> countries as you can.  Look at your logs, see where the attacks are coming
> from, see where real subscriptions are coming from, and figure out the
> disjoint set. (The utility "grepcidr" is often very helpful.)
> If you have, let's say, zero subscriptions from FR over the past
> nine years but do have a parade of attacks: firewall it out.
> I recommend, in doing this analysis, that you start by looking at CN
> and KR.  Why?  Because two decades of careful logging and analysis
> of data from quite a few sites indicates that these are #1 and #2 on
> the hit parade of attackers.  There's no point in trying to file complaints
> in the hope that some responsible professional will take remedial action
> and make it stop: just firewall and forget.  (Next on the list are
> RU and IN.  Same problems.)
Yup.� And iran and afghanistan & the other former soviet countries.

But the biggest source of attacks, by far, is the US.� Unfortunately,
while some people run business that don't interact with the US, in most
cases a non-country based approach is necessary for that :-)

> Comment on 3a and 3b:
> Yes, this is draconian.  That's a good thing.  Let me quote for you what
> I think is arguably the best thing ever said on NANOG, and given the tens
> of thousands of years of accumulated network experience represented
> there, that's saying a lot:
> 	If you give people the means to hurt you, and they do it, and
> 	you take no action except to continue giving them the means to
> 	hurt you, and they take no action except to keep hurting you,
> 	then one of the ways you can describe the situation is "it isn't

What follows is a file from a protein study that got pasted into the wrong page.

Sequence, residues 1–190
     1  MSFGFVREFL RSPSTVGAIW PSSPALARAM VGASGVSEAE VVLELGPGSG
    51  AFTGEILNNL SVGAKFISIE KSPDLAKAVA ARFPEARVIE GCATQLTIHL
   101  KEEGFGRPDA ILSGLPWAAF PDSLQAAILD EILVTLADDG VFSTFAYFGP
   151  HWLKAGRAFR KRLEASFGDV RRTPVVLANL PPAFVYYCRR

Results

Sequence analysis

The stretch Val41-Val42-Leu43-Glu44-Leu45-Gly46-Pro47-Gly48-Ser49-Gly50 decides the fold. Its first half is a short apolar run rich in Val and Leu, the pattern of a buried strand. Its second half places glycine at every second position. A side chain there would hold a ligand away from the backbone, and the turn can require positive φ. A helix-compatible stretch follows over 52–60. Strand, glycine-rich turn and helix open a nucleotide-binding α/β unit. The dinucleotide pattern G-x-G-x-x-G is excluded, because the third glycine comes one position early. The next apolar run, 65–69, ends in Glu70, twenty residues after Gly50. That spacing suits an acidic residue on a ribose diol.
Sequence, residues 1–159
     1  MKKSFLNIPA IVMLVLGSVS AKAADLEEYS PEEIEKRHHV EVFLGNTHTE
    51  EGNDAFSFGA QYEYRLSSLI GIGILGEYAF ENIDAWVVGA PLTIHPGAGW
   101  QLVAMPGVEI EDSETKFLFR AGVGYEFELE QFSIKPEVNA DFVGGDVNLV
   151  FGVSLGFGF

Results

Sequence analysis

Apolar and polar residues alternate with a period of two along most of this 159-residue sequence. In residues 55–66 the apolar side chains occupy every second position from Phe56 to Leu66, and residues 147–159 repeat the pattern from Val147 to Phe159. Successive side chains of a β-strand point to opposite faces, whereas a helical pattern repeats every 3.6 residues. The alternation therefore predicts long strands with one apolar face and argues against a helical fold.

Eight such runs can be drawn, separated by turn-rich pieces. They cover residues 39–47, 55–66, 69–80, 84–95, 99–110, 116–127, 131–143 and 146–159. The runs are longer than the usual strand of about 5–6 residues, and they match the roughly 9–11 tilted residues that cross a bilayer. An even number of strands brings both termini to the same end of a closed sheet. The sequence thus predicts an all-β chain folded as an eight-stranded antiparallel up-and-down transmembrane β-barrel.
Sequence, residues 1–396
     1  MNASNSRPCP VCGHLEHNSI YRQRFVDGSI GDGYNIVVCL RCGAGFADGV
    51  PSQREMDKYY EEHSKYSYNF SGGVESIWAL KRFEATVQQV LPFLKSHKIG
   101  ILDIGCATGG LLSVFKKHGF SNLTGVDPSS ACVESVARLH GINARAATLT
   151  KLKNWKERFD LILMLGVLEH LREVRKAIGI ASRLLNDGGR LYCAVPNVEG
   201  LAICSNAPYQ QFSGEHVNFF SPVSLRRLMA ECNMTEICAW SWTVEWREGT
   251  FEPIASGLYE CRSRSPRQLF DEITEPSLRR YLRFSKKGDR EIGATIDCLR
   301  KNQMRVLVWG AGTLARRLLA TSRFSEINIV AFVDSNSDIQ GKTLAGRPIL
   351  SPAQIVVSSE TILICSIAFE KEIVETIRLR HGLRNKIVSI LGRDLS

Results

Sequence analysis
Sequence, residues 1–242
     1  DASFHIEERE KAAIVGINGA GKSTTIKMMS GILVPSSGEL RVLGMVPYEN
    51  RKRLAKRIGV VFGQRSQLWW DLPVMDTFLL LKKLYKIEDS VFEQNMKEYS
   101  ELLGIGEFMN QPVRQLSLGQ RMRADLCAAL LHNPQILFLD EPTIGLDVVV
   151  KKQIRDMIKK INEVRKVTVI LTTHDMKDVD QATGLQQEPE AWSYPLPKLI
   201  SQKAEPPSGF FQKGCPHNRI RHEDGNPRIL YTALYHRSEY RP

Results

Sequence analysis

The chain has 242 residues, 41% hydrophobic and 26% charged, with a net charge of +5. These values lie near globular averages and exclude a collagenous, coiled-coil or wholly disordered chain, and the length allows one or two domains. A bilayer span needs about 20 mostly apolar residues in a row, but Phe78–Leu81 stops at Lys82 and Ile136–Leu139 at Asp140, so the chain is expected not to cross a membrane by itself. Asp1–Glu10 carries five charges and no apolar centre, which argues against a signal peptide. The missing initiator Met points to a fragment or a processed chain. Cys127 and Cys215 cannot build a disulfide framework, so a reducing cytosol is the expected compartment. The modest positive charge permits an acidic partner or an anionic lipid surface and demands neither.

> 	scaling well".
> 		--- Paul Vixie
> You can either get to work with a firewall or you can continue to be
> a victim.  Choose.
> If you want to continue to allow SMTP traffic from these countries
> so that users can subscribe/unsubscribe/etc. via mail that's your
> call.  I've tailored my configuration to suit the lists that I run
> and in some cases, that includes configuring the MTA to deny
> traffic from the same ranges as the web server; in others,
> it includes denying traffic from the TLD; in others, both.  The key
> to all of this is understanding (a) what you need to allow in order
> for your lists to function as intended and (b) what your own logs are
> telling you about what attacks/abuse are coming from.
If you have iptables, you also might want to look at
A new release that provides better management is overdue -- but
hopefully soon.

BlockCountries manages the by-country blocking, and the next release
will support
fetching the spamhaus (and other) non-country lists.� It handles both
the "block these" and
"permit only these" paradigms, and does a fair amount of optimization of
the rulesets.� It
also handles IPv6 & has a bunch of options that let you avoid most of
the hassle of working
directly with iptables for exceptions.